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Residents voice concern over potential for managed retreat

DEL MAR — Del Mar’s newly amended Local Coastal Program is inching closer to potential certification by the California Coastal Commission, and residents urged the City Council and staff to prevent any “back door” approach to managed retreat at a July 15 council meeting.

Managed retreat is a method of sea-level rise adaptation that involves removing oceanfront private property, public infrastructure and coastal protection in order to allow the shoreline to naturally creep inland.

The term has taken on deeply negative connotations in Del Mar — where managed retreat would mean relinquishing multi-million-dollar beachfront homes to the rising sea, particularly in the north beach area. Residents are adamantly against the option, fearing that accepting managed retreat as an adaptation strategy could take a toll on property values.

Del Mar’s north beach predominantly relies on seawalls as a form of shoreline protection. The neighborhood, which sits level to the beach, is home to about 600 properties.

The city’s newly crafted Local Coastal Program (LCP) amendments incorporate a thoroughly developed adaptation plan, strategies meant to outline the city’s approach to looming sea-level rise. The plan relies on methods such as beach sand replenishment, and rejects managed retreat.

The amendments — which were approved by the council in October 2018 — await a final recommendation from the Coastal Commission in October 2019. The Coastal Commission certifies LCP amendments, ensuring they are in compliance with the Coastal Act.

Noting the overwhelming local opposition to managed retreat, council passed a commitment resolution on Oct. 15, 2018, expressing its opposition to managed retreat and its intention “to reject any proposed modification by the Coastal Commission which substantially deviates from the adopted adaptation plan and local coastal program amendments.”

At the July meeting, staff updated the community and council on the Coastal Commission’s take so far, which is primarily based on preliminary discussions with Coastal Commission staff and a letter sent by Coastal Commission officials in September 2018 listing suggestions based on the city’s draft LCP amendments.

At this point, the Coastal Commission seems to be on board with the amendments and the city’s take on managed retreat, based on the city’s staff report and a presentation by Principal Planner Amanda Lee. But residents are still worried about how Coastal Commission’s suggestions might challenge local control or pave a more long-term path to managed retreat.

“I would really ask the council to stick to their guns on what we have,” said resident Larry Hayward, referring to the LCP that city staff, volunteers and countless stakeholders worked several years to amend.

Residents were concerned about Coastal Commission’s suggestions to change certain definitions related to shoreline protection. For example, the Coastal Commission defines “existing development” as structures that existed prior to the effective date of the Coastal Act — Jan. 1, 1977. According to the staff report, this definition suggests that only properties built before that date can have shoreline protection.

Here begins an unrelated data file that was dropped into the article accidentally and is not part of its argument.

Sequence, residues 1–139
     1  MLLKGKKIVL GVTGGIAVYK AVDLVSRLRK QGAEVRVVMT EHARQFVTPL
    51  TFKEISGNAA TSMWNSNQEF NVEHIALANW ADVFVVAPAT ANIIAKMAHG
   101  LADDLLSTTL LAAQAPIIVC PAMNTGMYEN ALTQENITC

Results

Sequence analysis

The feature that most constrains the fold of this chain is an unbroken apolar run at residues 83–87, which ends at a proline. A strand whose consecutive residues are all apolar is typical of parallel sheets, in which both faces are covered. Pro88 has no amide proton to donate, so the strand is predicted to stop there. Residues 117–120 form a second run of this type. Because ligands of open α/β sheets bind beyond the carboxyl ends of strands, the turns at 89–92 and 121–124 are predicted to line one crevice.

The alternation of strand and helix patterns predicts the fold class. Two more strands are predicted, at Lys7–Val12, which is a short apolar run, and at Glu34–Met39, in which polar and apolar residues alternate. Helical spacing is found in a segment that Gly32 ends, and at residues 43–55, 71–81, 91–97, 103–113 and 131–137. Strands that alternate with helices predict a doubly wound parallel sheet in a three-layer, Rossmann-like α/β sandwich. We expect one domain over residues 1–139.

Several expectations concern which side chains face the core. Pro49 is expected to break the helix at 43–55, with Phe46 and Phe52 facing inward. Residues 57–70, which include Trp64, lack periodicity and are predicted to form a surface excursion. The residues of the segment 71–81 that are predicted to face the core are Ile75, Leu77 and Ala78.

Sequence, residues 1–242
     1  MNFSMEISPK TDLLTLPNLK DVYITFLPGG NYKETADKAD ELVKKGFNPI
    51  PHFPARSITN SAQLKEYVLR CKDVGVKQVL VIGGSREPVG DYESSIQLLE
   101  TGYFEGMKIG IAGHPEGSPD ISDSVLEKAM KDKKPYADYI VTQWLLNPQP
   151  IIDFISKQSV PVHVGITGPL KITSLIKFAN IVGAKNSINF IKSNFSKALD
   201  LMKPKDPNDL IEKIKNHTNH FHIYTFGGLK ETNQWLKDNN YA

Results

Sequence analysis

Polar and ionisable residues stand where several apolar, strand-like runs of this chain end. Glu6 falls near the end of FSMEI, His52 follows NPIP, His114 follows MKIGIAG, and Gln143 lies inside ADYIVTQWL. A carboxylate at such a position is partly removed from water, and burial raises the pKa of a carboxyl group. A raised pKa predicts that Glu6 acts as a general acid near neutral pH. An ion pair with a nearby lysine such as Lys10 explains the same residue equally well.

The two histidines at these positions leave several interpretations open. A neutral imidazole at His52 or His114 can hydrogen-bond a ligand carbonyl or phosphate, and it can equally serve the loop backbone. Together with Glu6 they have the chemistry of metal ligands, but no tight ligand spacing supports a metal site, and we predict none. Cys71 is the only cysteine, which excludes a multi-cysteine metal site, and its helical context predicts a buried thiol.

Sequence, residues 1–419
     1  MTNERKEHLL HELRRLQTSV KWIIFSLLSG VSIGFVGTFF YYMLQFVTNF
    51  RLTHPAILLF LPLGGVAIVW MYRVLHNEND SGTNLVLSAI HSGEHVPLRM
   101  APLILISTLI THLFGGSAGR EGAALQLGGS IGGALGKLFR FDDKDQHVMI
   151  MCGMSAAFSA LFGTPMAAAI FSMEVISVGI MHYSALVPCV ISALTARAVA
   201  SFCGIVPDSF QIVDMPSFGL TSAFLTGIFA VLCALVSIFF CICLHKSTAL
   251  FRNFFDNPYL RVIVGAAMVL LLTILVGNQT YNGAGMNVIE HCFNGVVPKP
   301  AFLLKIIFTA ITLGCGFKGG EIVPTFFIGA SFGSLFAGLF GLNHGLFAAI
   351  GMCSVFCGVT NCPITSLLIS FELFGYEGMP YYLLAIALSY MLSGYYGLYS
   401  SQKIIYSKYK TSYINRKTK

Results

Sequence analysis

But according to Lee, any new development in Del Mar’s north beach area can request shoreline protection if it’s consistent with the city’s LCP and Beach Preservation Initiative — a voter initiative adopted in 1988 that regulates use of the city’s beach area.

“We allow that today, and that’s what we will continue to allow under the certified LCP,” Lee told The Coast News. “ … that’s really the importance of our LCP, it provides the process and rules for new development to have shoreline protection here in Del Mar.”

Based on the city’s dialogue with the Coastal Commission so far, Lee said Coastal Commission staff recognizes that their interpretation of “existing development” doesn’t work in Del Mar. “We have a different set of facts that apply,” Lee said, pointing to the multi-faceted role of north beach seawalls in protecting public infrastructure and providing for coastal access.

According to the staff report, the Coastal Commission would like Del Mar to commit to future LCP consistency review in 10 years, or when monitored factors such as beach width, frequency of flood damage and distance between coastal bluff edge and development reach certain “thresholds” or “triggers.”

A threshold or trigger could be a certain maximum of sea-level rise, for example, that would “trigger” a longer-term strategy. Residents are concerned that developing trigger points or thresholds might lead to the consideration of managed retreat in the future.

Jerry Jacobs, president of the Del Mar Beach Preservation Coalition, urged the council to hold strong to the language in the city’s revised LCP and reject Coastal Commission’s suggestions for triggers, or a consistency review.

“We strongly oppose all attempts by the (Coastal Commission) to impose modifications on us, and we support local control,” Jacobs said, also calling the consistency review “a backdoor to managed retreat.”

Council weighed in on the suggestions thus far, largely reasserting the city’s intention to reject managed retreat and stick with the LCP, as amended by the city.

“I’m not in favor of pulling pieces of it out individually and trying to change things,” Councilman Dwight Worden said.

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